Practical Urban Permaculture – Part 4 – People, beneficial & pest.

You can’t have a community garden without a community, they are one of the best ways to meet the people in your neighborhood. Gardening has brought all kinds of people into my life that I probably would have never had an opportunity to meet otherwise. One thing that I always find to be true with gardeners is the willingness to share, I would bet half of the plants I currently take care of were gifts from other gardeners. Representing the other end of the spectrum is the fact that people often lead to the demise of most gardens, sometimes resistance comes from the most unlikely places.

I think one of the great “variables” left out of most permaculture literature I read is the “human element”, and the fact that it is a variable. Children can be a great example of this, showing up one day to help, and then coming back another time and absolutely trashing the place. You can also have people who absolutely do not want a garden put in until well after you have had time to shower them in vegetables, every situation will be different. You can also have government officials who will be against what you are doing, be prepared for any situation.

I think as an urban permaculturist the human element will be one of the expected “yields” you are trying to achieve, after all you can’t have a community garden without a community. In the case of an urban permaculture garden that works with all systems of nature I believe the human element needs to be taken into account, whether considered a beneficial or pest. Relations may be something you are trying to cultivate and the design of the garden would maybe include a meeting area, and of course there may be a neighbor you need to block out and the garden design should incorporate that. I am hoping to include some of my own experiences and how I handled them or what I would have done different.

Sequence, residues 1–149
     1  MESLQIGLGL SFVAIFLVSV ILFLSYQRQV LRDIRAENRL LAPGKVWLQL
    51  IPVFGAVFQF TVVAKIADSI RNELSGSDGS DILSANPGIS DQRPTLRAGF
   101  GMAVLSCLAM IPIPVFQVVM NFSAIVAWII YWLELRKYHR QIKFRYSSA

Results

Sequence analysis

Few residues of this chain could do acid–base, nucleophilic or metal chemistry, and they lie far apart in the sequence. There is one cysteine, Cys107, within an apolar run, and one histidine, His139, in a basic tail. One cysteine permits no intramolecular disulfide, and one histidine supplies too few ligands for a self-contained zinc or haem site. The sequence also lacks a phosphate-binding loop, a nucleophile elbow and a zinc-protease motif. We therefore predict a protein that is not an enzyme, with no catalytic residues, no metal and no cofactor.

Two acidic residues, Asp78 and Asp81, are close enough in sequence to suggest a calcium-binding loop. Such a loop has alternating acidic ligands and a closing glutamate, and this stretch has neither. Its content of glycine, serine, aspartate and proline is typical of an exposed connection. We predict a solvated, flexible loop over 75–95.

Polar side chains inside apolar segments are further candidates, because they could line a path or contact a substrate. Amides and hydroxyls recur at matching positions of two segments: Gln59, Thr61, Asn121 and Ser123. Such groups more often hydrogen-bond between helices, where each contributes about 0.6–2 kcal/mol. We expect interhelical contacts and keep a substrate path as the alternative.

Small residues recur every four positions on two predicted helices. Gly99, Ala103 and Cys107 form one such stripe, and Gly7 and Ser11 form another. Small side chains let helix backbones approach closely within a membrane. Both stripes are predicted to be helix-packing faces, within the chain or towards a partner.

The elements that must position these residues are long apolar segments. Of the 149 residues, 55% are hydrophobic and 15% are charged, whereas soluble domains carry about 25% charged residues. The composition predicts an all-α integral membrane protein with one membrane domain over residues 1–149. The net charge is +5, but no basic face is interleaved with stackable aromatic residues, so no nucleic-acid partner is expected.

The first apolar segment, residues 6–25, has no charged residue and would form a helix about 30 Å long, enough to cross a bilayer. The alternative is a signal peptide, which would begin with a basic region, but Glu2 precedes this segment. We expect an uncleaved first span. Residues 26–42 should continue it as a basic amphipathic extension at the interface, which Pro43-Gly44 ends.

Children are one of my great garden mysteries, they can show up one day and be the most interested, helpful little creatures in the world. Then one evening when you are not around the garden, the kid will come to show some friends and one thing will lead to another, and you have a quick disaster on your hands. The hardest part of this kind of thing is realizing that you are dealing with kids, peer pressure is a cruel and heartless bitch. That doesn’t mean it shouldn’t go un-punished, but it shouldn’t be a death sentence. Even when a kid has something in the garden that is personally theirs, they will still trash it when it comes to impressing a friend… I don’t know why… actually I do… I have done some pretty stupid things to impress girls before… come on ladies… I’m sure you all have stories… guys too…

Another interesting issue that I often run into is the neighbor that wants the overgrown lot to stay, well just that, an overgrown, abandoned lot. Some reasons for this include privacy, noise levels, parked cars and attention, care should always be taken to inform and include neighbors when safe or possible. Common courtesy should always be taken, but it is important to take a solid stance and make sure the neighbor knows they are not running the show. As long as you know what you are doing is a good thing for the neighborhood and you have control of the site, plans should constantly be moving forward while the neighbor is being mediated with.